Premier Youthworks investigation part two: lawyer slams broken glass and blood in Canberra home

RAISING CONCERNS: An excerpt from a letter written by a Legal Aid lawyer to the ACT government in April, after visiting a group children’s home run by Cardiff-based company Premier Youthworks. Part one: pressure mounts on Cardiff out-of-home care providerVulnerable children have been discovered living in a group home with broken walls, blood on the door and smashed glass in the kitchen.

The property in question islocated in Canberra and run by PremierYouthworks, a company headquarteredin Cardiff.

Children from troubled backgrounds wind up in itsgroup homes when they are unable to live with their families.The company provides around-the-clock care forover 80 children across Newcastle and the ACT.

Concerns about the state of the home have been uncovered in a joint investigation by the Newcastle HeraldandThe Canberra Times.

A Legal Aid lawyer wrote a strongly wordedletter to the ACT government in April, after visiting the property.

“The house was in an unsatisfactory condition. There were at least two windows broken, broken doors, many holes in the walls, and broken window fittings,” read the letter.

ALARM: A lawyer has criticised conditions inside a Premier Youthworks group home in Canberra. A picture from inside the home, showing bed sheets on the floor.

“The children appeared to have dragged their mattresses in to the living room, which was extremely messy.

“The most concerning observation was of blood on one of the doors and broken glass in the kitchen.”

In the same letter, the lawyer broachedconcerns about the children’s safety in such an environment.

“This letter is not intended as a ‘finger pointing’ exercise,” they wrote.

“However it is important to make [it] clear … there are real concerns about the children’s safety in the current placement.”

Three days later, the lawyer fired off another letter to the ACT’s Public Advocate,seeking help in having the property cleaned up.

“As you will be aware, I hold concerns about the children’s current placement with PremierYouthworks,” the letter read.

DAMAGED: A picture of a wall inside a Premier Youthworks group home. Graffiti scrawled on the wall has been blurred to protect the identity of children.

“Please advise whether you have, or intend to attend the property and what, if any, involvement the Public Advocate will have in addressing concerns around housing for the children.”

Pictures from inside the property showed clothes strewn across the room, a mattress without sheets on the floor and a large hole in a wall marked with graffiti.

The ACTPublic Advocate Jodie Griffiths-Cook has regular meetings with PremierYouthworksto monitor the care of children in residential homes.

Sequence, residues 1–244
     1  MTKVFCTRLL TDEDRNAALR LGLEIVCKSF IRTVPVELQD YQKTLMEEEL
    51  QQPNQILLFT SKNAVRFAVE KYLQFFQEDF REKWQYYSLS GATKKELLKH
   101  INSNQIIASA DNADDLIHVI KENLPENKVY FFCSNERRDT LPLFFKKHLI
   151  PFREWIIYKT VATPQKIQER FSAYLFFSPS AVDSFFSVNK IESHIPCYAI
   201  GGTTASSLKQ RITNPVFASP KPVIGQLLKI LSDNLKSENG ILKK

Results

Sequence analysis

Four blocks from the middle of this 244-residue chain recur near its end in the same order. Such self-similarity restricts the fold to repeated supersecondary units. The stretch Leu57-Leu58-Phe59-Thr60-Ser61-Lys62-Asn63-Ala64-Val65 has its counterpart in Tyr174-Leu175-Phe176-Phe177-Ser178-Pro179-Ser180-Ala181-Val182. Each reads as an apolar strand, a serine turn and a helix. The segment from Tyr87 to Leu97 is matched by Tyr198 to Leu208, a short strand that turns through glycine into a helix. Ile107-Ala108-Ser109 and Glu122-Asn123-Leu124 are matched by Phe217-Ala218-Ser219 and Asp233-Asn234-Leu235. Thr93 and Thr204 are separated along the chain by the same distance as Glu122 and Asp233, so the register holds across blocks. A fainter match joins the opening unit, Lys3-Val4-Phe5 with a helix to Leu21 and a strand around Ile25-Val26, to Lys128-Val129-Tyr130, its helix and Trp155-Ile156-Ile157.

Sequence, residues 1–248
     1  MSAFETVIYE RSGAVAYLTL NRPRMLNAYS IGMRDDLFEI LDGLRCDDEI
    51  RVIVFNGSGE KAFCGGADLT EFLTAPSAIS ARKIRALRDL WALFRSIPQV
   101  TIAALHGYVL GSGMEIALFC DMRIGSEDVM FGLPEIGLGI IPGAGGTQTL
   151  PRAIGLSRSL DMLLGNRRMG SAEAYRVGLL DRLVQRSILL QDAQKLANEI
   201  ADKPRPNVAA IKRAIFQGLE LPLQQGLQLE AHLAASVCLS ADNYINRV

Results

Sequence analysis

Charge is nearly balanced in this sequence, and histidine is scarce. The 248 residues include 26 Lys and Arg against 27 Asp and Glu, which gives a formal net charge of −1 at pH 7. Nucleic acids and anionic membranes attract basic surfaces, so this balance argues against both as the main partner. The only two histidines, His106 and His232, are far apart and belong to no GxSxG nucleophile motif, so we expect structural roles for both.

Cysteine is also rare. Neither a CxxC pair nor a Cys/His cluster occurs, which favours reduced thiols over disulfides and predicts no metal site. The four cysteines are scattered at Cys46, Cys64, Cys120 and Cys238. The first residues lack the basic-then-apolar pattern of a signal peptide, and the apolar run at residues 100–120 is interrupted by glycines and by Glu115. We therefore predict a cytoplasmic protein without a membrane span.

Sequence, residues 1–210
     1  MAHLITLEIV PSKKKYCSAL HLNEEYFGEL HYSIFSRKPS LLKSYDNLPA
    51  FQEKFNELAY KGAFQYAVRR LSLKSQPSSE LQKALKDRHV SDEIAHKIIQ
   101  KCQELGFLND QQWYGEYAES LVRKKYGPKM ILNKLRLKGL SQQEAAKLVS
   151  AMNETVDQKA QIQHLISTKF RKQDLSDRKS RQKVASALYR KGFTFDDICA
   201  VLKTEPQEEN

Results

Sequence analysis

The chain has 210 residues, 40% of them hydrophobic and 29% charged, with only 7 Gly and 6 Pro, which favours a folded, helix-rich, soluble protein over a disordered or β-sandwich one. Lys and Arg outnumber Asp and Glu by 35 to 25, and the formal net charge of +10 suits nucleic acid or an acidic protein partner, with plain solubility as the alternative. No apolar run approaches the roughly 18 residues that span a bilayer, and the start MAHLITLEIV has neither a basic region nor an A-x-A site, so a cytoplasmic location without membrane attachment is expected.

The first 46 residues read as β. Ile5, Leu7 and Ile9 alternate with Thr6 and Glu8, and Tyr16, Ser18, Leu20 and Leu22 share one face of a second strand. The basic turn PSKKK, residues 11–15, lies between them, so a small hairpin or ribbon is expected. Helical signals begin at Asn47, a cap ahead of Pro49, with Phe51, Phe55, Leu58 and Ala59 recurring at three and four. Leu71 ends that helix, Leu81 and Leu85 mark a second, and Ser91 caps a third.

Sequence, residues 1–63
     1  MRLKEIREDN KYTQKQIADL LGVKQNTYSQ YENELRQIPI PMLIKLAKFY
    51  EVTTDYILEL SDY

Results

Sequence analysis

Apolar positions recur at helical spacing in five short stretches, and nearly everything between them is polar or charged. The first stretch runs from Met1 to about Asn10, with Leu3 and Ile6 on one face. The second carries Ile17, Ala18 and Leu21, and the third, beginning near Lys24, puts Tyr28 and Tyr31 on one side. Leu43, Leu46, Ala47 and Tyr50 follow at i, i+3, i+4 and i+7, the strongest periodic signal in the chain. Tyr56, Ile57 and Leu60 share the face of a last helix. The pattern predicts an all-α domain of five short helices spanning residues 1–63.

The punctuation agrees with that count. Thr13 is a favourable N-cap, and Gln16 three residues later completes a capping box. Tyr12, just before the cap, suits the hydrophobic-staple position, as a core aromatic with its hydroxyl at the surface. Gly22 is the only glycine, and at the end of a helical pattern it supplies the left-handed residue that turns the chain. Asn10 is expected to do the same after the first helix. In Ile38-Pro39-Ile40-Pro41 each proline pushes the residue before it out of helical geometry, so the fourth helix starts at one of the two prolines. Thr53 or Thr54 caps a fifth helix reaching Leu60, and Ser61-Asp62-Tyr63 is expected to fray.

She said her office had not received any complaints about the company.

“PremierYouthworksstaff engage positively with this process and have been responsive to concerns when raised,” she said.

“For example, in early 2017 the Public Advocate became aware that a couple of properties had been damaged and needed repair.

“My office raised these concerns with management staff in PremierYouthworks, who took action to respond to the concerns in a timely manner.”

In the ACT, Premier Youthworks operates as part of a consortium of organisations, led by the Barnardos Charity.A Barnardos spokeswomansaid all residential care homes operated under a strict “quality assurance program” of weekly and monthly inspections. Property damage could be a result of “challenging behaviours” displayed by children in care.

“Damage is always repaired as a priority,” she said. The spokeswoman said the conditions illustrated in the photos obtained by Fairfax Media had been addressed as a priority at the time.

A former Premier Youthworks employee, who did not want to be identified,was highly critical of the condition of homes in Canberraandclaimed the situation was also “heading that way” in Newcastle.

But Premier Youthworks managing director Lisa Glen rejected the allegations. She saidwhile property damage did occur from time to time, the company had rigorous processes to deal with it, including an on-call system for staff.

“That young person could have been raging all night and we’ve had police and ambulance there and then as soon as that young person’s taken away we would bring people in to clear that up,” she said.

Chief executive Jared Gillard said there was scheduled maintenance and weekly inspections of Newcastle properties, which werechecked by the Ombudsman, Office of the Children’s Guardian, community visitors and FACS.

“If the young person’s just done it and then someone’s walked in or taken a photo of it, then you know, it’s that point in time,” he said.

“It’s not reflective of the environment.”

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